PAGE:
Doctor On End-Of-Life Care
MELISSA BLOCK, host:
Some of the most twisted bits of rhetoric used by opponents of the health- care overhaul are these: death panels, forced euthanasia.
The actual provision in the House bill has to do with end-of-life care. It would pay for doctors to offer Medicare patients counseling about end-of-life issues. The counseling would be voluntary, not mandatory.
We're going to hear now from a doctor who engages in end-of-life discussions with patients. Dr. David Casarett started the palliative care service at the VA hospital in Philadelphia.
Dr. Casarett, welcome to the program.
Dr. DAVID CASARETT (Medical Director, VA Hospital, Philadelphia): It's a pleasure to be here.
BLOCK: If you're talking to a patient for the first time about these end-of-life issues, what would that conversation include?
Dr. CASARETT: Usually, I try to begin these conversations by talking about patients' hopes and fears, their goals more broadly. I think, often, these discussions come down eventually to treatment preferences, the sorts of treatments that people want and don't want, things like whether patients would want to be hospitalized and under what conditions they would want to be hospitalized, whether they would want to spend time in an intensive care unit.
But they really start out - at least the effective conversations start out by talking in more general terms about what's important to people, what they would like their future to look like, and what they're afraid of, what they want to avoid.
BLOCK: Well, when you hear talk about death panels pulling the plug on grandma, things like that, how do you react?
Dr. CASARETT: I'm still mystified. I really can't begin to figure out where this language is coming from. It bears really no resemblance to what's in the provision of the health-care reform bill. What's in the health-care reform bill is in general, text that I think most Americans and certainly all of my patients would support.
The text of the bill really talks about giving patients and families the information they need to make the right choices. It's about giving patients an idea of what their options are. And it's giving patients and families a chance to talk about these things. So patients, families and physicians are all on the same page.
Really, these sorts of discussions are about autonomy. They're about freedom. They're about independence. They're about having a say in your own health care. They're about values that are about as American as anything else I can think of.
And so, to see this debate framing it in terms of some of the terms you mentioned before - death panels and euthanasia - is really both odd and frankly, startling to me that it's gone that far.
BLOCK: Would your fear be that as this rhetoric continues and escalates, that it will damage your practice in some way, that people will have the wrong idea about what you're trying to do?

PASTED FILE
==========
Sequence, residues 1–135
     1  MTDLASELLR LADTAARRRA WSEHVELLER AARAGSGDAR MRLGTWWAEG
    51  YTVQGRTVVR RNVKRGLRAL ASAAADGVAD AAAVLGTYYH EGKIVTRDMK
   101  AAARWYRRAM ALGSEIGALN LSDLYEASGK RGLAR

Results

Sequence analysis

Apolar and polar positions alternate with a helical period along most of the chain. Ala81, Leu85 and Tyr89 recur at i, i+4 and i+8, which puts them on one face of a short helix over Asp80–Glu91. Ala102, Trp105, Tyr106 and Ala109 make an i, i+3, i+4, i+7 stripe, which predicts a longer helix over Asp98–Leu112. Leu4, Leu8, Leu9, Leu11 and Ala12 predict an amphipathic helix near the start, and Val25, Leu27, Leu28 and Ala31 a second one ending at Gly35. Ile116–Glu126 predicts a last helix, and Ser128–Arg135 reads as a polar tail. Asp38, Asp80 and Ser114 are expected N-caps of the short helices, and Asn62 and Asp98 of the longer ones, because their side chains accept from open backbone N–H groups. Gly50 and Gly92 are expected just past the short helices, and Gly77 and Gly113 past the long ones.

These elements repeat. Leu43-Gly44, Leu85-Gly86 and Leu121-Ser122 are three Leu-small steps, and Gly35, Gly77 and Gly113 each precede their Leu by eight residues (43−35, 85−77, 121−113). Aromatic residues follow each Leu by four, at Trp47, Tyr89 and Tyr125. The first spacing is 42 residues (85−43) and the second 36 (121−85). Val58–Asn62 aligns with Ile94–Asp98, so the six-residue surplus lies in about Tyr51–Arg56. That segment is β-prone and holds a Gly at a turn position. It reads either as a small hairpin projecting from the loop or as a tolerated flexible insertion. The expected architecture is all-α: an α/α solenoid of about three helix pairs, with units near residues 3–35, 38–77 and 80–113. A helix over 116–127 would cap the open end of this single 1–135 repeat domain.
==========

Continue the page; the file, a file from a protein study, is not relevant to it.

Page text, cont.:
Dr. CASARETT: That's interesting. The one person who seems to be more concerned about this than anybody else is my grandmother. Many of her friends in her retirement community she lives in are worried by all of this discussion. They're worried and confused about what this will mean for them. And my grandmother is also worried about what all this hullabaloo, as she calls it, was going to mean for me as a palliative care doctor.
I think, in general, patients trust their health-care providers, they trust their physicians, they trust their nurses. And I think, at least on a local level, this probably won't have any large effect. I do think on a national level in terms of legislation, this may have a huge effect.
End-of-life care discussions, advanced care planning has now, in the space of about a week, become a political third rail that I think politicians in Washington will want to avoid. And I think that's going to be a real shame.
BLOCK: What do you make of this argument that doctors, because they'd be reimbursed for these discussions, would have a financial incentive to pressure patients to have end-of-life conversations, maybe to sign an end-of-life directive, if part of the idea behind health-care overhaul is to save the government money? Is there an implicit agenda here, in other words?
Dr. CASARETT: I don't think that's true at all. Frankly, I can't even see how people would think that's true. This is a mechanism by which physicians and others are paid to talk to patients about their options, to give patients a chance to tell physicians the treatment that they want and don't want. This could be, and arguably should be, a chance for some patients to tell physicians that they want everything possible to be done. That's an entirely legitimate outcome of these conversations, and that certainly wouldn't save money at all.
So this really is all about a chance for patients to have their say in the care that they get. And those patients may choose to back off on some treatment. They may choose to refuse some treatments or others, or they may choose to get more treatment. And that really is up to each individual patient and family member.
BLOCK: Well, Dr. Casarett, thank you very much for talking with us.
Dr. CASARETT: You're most welcome.
David Casarett teaches palliative care at the University of Pennsylvania School of Medicine. He's also author of the upcoming book, "Last Acts: Discovering Possibility and Opportunity Near the End of Life."